A few weeks ago I found a love letter a boy gave to me in 2nd grade. The front of the letter proclaims that he loves me “so moch you coodeit blevit,” while the back features a hand drawing of what appears to be us naked in bed. Looking at it now, I realize that I probably should have hung onto him, a scholar and an artist, but whatever else happened during our 2nd grade love affair, it didn’t last. I should note, he was also overly optimistic about how big my boobs were going to get. Those never came in either. He was onto something though when he wrote “I you sto hat you but I Love you now.” Over the years I have come to realize that I am definitely an acquired taste, like coffee. OK, maybe more like chicory.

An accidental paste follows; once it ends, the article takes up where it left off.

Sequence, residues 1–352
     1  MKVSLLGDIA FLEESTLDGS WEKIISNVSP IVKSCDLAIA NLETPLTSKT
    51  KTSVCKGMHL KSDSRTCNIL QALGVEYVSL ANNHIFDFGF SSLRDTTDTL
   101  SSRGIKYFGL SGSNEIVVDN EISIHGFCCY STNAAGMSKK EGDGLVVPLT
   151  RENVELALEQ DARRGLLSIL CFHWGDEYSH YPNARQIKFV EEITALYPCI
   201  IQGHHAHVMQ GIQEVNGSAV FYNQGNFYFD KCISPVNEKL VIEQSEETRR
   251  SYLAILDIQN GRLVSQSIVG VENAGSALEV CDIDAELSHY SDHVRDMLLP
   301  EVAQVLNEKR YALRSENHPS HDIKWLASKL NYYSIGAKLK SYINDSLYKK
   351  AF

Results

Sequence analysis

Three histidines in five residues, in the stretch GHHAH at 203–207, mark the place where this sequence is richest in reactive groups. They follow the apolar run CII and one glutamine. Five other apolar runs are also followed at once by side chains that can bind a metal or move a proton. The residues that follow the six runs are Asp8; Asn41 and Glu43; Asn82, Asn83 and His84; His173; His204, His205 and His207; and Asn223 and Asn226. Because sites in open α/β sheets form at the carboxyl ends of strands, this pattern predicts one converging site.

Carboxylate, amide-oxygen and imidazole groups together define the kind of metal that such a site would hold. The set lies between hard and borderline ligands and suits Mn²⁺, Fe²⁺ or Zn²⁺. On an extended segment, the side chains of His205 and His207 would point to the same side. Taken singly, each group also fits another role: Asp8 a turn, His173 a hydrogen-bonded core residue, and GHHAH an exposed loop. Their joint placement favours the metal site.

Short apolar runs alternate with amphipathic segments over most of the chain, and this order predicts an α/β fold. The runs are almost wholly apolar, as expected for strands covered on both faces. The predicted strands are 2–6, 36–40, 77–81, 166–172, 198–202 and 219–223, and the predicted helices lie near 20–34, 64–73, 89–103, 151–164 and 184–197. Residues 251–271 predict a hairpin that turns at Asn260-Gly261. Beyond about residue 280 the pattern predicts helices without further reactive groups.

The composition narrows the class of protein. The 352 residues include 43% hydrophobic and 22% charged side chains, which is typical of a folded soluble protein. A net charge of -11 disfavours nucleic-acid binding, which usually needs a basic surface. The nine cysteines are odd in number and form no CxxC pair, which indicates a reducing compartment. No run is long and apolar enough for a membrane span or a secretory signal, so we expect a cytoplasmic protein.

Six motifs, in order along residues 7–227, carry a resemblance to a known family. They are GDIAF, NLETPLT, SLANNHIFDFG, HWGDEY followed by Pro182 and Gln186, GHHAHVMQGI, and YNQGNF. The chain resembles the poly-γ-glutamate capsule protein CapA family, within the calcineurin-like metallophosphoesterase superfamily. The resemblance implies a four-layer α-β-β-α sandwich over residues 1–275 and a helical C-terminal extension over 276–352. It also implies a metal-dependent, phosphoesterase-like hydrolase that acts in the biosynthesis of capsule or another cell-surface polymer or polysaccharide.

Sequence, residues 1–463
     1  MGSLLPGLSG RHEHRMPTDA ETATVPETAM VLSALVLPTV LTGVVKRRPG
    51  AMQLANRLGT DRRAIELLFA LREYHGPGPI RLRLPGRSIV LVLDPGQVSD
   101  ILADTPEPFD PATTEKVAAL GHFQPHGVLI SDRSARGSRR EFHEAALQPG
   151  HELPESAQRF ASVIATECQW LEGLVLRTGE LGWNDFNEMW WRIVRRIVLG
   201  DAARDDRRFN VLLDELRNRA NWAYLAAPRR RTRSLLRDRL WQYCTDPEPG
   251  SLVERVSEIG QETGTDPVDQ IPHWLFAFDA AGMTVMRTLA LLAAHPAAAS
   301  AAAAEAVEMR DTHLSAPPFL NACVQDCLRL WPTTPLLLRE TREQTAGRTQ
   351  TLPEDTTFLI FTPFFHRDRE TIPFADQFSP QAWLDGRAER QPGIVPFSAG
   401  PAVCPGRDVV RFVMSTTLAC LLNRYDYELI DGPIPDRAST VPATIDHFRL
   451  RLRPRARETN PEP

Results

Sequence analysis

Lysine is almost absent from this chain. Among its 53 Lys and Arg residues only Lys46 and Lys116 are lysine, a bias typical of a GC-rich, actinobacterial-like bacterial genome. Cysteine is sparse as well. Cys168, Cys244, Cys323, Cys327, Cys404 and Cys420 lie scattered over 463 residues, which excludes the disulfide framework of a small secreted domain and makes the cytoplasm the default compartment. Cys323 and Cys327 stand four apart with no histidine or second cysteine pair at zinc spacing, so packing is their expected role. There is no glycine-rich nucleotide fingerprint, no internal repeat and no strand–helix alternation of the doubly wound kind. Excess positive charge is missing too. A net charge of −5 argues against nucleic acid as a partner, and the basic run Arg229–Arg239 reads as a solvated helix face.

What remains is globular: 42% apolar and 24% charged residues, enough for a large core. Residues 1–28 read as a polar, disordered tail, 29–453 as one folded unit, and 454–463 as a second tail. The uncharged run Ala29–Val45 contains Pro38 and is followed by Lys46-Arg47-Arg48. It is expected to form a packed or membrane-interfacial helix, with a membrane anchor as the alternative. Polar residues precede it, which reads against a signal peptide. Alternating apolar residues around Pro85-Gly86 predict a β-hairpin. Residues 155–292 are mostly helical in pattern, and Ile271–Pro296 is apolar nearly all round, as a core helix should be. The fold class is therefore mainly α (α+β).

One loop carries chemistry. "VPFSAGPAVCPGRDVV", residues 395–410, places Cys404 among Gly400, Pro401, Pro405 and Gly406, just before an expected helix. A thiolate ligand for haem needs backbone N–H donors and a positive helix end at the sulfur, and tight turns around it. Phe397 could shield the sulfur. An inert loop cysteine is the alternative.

It seems that almost all the people who love me now “you sto hat” me. This is particularly true with my closest girlfriends. Case in point, Eleanor, who I met in grad school where we were both studying history (which should explain her choice of a pseudonym). By the time Eleanor joined the program, I was already jaded, bored, bordering on hostile and she was happy, enthusiastic and really, very, very strange. She biked to class and came wearing an array of interesting outfits, like baggy shorts over leggings (note: this style was YEARS away from appearing in Athleta catalogs). She also liked to crouch on her chair, bouncing on her feet in a way that made her look like Tigger from Winnie the Pooh. For my part, I had adopted a style that should probably be described as the love child of Marion the Librarian and a pompous ass. I liked to look over the top of my glasses at people and wave my pen around to indicate that I was annoyed. I was also addicted to the word “fundamentally,” which I usually paired up with “disagree.” I was not popular. Eleanor was not particularly popular either (too smart and prone to blurting out what she really thought). This didn’t, however, make us fast friends, for as much as I thought she was a freak, she thought I was a pretentious ass.